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For about as long as goods have been sold, businesses have tried to engage customers through various levels of interest in what has long been referred to as the “Purchase Funnel.”
Customers are lead from awareness to sale by way of incremental exposure to a brand or product. While these same principles still apply today, social media has shaken up the paradigm by shortening the gap between people and information, meaning that the funnel has changed and offers a new way to pull in customers and to build off brand loyalty to turn them into your public spokespeople.
Here are the 6 steps to nurturing the sales funnel with social media.
Step 1: Awareness
This is your introduction to the outside world, your first face-to-face with an unknown. Studies have proven that brand loyalty requires trust and since familiarity is the lion’s share of a consumer’s trust, awareness is the first step toward building that new relationship.
Where before awareness required expensive ad time across public mediums, social media awareness is about generating compelling content that are both visually pleasing and come with a locked-and-loaded call to action. Your logo, tagline, content and message all contribute to your overall awareness.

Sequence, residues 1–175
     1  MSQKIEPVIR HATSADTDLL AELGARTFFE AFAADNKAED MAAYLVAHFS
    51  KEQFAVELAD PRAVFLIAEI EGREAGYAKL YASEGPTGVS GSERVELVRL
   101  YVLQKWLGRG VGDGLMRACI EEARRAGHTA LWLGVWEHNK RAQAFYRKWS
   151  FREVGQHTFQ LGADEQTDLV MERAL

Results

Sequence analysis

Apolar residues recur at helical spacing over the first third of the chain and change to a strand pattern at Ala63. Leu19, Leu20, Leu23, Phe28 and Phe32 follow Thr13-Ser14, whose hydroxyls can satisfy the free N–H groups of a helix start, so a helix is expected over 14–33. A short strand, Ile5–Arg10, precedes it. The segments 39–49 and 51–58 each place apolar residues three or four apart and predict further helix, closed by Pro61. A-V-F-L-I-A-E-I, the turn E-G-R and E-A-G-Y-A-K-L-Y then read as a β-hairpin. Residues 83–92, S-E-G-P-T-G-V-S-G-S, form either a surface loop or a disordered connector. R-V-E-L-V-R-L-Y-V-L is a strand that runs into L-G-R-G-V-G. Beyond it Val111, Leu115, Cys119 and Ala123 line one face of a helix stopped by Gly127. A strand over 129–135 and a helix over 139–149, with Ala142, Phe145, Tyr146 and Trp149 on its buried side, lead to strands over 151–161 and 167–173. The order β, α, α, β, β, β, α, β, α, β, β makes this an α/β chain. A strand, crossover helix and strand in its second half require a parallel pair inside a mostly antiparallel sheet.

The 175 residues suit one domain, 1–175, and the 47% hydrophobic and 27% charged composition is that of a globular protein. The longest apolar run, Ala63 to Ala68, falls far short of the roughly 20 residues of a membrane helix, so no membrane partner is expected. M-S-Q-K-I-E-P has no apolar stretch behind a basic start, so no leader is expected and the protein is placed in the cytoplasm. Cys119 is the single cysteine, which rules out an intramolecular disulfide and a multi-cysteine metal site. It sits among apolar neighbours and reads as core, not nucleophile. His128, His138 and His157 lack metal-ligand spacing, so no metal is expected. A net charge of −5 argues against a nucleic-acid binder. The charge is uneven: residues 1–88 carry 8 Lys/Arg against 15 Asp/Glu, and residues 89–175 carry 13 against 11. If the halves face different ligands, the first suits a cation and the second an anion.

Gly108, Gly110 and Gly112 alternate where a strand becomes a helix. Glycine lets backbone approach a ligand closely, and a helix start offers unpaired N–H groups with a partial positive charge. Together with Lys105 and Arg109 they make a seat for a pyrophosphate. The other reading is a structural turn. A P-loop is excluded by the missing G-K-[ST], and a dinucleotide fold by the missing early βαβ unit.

The consumers awareness is like a never-ending marathon. Your brand strength begins to fade the moment they avert their eyes and if left to fend for itself, will eventually fade into obscurity. People prefer brands they have heard of because there’s a built-in reference of trustworthiness. This means a customer’s likelihood of buying from you is directly tied to whether or not they have heard of you, even if they have never purchased from you before.
Step 2. Interest
Next, you must go beyond a familiar face. Social media is not an address book where you find the names and contact info of people you already know, it is a vibrant and active social community; a network of acquaintances, associates and friends.
Treat your customers online with this culture of relationship in mind. People expect a response in the digital world because that is behavior that has become normal, even for businesses.
Regular content that connects on an emotional level will give customers a reason to follow you, and again, this is before they have even done business with you. It doesn’t mean that all the stages before the Sale are necessarily time consuming, but rather that getting to know a brand is the most reliable path toward doing business.
Talk to them, answer their questions, chime in to conversations that don’t pertain to your marketing. Keep it casual as people can tell when they’re being marketed to, but still remember that your efforts are ultimately about self-promotion.
Step 3. Conversion
Once you’ve got your hooks in, you need to turn that interested customer into a paying customer.
Give them an incentive to spend money with you right on the landing page. Don’t make them hunt for a deal, throw it out in front of them. Promotions, give-aways, and loyalty programs are all great ways to put some positive pressure on their shoulders, especially if they’re already leaning in the right direction.
Consider using remarketing techniques to give them a gentle tap on the shoulder in the event they don’t convert on the first visit. Use a remarketing cookie on your company website to harness the Facebook or Google Display Network, keeping your ads in front of them later on even when they aren’t thinking about you anymore. It works like having an ally who reminds them of their interest in you without interrupting their normal activity.
Step 4. Sales